One thing that Pakistanis often get tired of is Indians taking pride in their democracy and criticizing Pakistan for tolerating military rule during most of its 65 year history. In India, recent elections in Uttar Pradesh showed that the Bahujan Samaj Party, headed by a billionaire Mayawati who was a simple school teacher a couple of years ago, has been trounced by the Samajwadi Party which is headed by a former wrestler, Mulayam Singh Yadav, who of course is also a billionaire now.
The Samajwadi Party took 224 seats out of the 403 in the legislative assembly, while the BSP, which was in power at the time of the elections, was a distant second with 80 seats. The Congress party, which is currently heading the national government, suffered a major setback in the elections and could manage to pocket only 28 seats. The consolation for the Congress may be that BJP, which is the main opposition party at the national level, also fared poorly and could bag only 47 seats.
It is no doubt praise-worthy that peaceful elections resulted in a smooth transition of power in a short time, which seldom happens in the Islamic Republic of Pakistan. However, what does one do when one corrupt politician is replaced by an equally corrupt one, as chief minister for a state?
Akhilesh Yadav, 39, is son of the head of SP, Mulayam Singh Yadav, who himself has been Chief Minister of UP thrice. He is accused of amassing billions and promoting goonda raj. Despite this, the 112 million voters of UP, the largest and politically most important state of India, voted overwhelmingly for the Yadav family. The Yadav community voted enbloc for the SP as it was headed by someone who hailed from their community. The Muslims, disgruntled with BSP’S performance during the past five years and still holding Congress and BJP responsible for the destruction of the Ayodhaya mosque incident, made SP’S victory possible in many of the seats. This phenomenon of the community voting for candidates from its own community makes a mockery of the whole system.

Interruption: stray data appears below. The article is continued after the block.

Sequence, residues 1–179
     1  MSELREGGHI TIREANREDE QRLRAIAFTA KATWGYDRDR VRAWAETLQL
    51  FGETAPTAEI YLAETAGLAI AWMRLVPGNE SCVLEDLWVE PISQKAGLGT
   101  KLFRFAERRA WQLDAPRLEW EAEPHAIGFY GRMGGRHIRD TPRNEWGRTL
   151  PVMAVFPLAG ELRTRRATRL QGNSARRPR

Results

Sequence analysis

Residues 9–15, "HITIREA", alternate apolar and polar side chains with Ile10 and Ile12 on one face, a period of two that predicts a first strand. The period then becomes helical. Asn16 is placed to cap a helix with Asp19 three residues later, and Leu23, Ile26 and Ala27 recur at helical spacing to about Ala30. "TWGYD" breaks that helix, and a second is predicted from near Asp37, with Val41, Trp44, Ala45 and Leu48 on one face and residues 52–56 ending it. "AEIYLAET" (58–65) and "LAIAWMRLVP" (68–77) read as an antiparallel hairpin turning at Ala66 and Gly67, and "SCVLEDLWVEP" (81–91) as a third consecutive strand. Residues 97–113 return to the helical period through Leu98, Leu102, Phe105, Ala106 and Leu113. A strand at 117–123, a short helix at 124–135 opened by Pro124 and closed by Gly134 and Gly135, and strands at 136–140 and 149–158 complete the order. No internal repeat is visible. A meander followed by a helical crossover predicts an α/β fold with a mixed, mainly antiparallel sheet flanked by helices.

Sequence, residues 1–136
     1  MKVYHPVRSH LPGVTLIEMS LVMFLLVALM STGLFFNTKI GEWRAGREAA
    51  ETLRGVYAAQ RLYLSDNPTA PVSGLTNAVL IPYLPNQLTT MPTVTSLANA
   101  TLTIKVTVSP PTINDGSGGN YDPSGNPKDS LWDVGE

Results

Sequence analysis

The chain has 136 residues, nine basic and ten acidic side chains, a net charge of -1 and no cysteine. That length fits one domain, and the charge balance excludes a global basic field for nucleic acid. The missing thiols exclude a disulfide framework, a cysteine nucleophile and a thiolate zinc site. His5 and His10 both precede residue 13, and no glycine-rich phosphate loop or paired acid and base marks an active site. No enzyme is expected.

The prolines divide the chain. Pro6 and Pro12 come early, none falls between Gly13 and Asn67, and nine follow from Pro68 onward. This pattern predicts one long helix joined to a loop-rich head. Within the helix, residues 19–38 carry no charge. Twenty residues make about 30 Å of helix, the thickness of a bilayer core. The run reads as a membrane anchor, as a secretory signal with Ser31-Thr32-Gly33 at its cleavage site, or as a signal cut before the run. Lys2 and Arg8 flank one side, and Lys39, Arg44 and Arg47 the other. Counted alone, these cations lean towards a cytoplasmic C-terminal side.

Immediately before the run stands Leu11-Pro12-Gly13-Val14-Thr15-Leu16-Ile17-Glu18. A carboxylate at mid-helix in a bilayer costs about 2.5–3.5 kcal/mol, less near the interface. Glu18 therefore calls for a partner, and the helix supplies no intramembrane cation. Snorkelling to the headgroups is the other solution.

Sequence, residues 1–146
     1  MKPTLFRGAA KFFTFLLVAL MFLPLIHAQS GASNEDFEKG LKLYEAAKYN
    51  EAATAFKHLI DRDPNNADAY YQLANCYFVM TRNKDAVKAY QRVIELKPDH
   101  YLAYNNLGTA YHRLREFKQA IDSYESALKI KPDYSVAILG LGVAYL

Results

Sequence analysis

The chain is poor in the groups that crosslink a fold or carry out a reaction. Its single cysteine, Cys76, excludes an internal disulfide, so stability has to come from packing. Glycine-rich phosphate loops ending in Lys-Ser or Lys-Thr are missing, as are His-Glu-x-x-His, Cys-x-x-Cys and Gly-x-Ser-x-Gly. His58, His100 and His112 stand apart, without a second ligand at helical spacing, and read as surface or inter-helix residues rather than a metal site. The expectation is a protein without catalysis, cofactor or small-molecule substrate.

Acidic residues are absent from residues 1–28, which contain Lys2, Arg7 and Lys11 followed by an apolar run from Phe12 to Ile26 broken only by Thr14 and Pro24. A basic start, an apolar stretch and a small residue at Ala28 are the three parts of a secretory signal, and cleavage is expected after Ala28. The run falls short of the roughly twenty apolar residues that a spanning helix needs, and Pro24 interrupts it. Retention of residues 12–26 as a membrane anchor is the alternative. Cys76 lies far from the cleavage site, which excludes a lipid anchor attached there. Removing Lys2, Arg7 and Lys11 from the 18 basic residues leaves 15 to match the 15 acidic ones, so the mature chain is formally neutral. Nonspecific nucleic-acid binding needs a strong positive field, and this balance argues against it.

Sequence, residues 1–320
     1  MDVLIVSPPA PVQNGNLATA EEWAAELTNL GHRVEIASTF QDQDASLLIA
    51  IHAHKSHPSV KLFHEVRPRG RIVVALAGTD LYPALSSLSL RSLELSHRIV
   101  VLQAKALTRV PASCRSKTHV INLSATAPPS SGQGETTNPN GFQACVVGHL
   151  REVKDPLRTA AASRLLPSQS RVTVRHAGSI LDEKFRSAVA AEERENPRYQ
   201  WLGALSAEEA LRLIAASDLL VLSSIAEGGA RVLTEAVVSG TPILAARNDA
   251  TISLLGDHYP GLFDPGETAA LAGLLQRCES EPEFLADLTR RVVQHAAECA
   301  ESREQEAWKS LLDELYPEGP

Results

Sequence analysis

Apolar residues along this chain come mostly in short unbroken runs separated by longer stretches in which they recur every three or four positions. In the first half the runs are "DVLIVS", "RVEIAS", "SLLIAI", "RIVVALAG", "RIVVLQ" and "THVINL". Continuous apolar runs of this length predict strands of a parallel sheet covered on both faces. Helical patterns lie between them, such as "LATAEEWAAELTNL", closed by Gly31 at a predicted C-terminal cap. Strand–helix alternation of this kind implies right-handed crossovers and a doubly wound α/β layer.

Is this what democracy is all about? Replacing one corrupt leader by another corrupt leader, who was routed by the same voters for this very reason in the last election? And to top it all, politics in India, just like in Pakistan, appears to run in the families. The Gandhi family continues to be treated like a royalty and has virtually been dominating the Indian political scene since the early last century; the tradition has now rubbed on the other political families and the Indian Lok Sabha and the state assemblies are flooded with sons and daughters of old politicians. The appointment of Akhilesh as the new UP chief minister is the latest chapter in this regard.
Politics is thus no longer meant to serve the masses. It is a business venture, meant to amass wealth that you can later use without any hesitation in the next election. One example is sufficient to prove the efficacy of exorbitant expenses in an election: in the Tamil Nadu elections last year, the Indian election commissioner did not permit the ruling DMK party to use government resources and tried to control the expenditure. As a result, the ruling party lost.
However, this may be regarded as an exception rather than the rule as it is not feasible for a person without adequate means to contest an election even in `democratic’ India; it is virtually impossible in the `Islamic’ Republic and of course unthinkable when it comes to Senate elections where a seat may be sold for as much as ten crore rupees. Anees Jillani is an advocate of the Supreme Court and a member of the Washington, DC Bar. He has been writing for various publications for more than 20 years and has authored several books.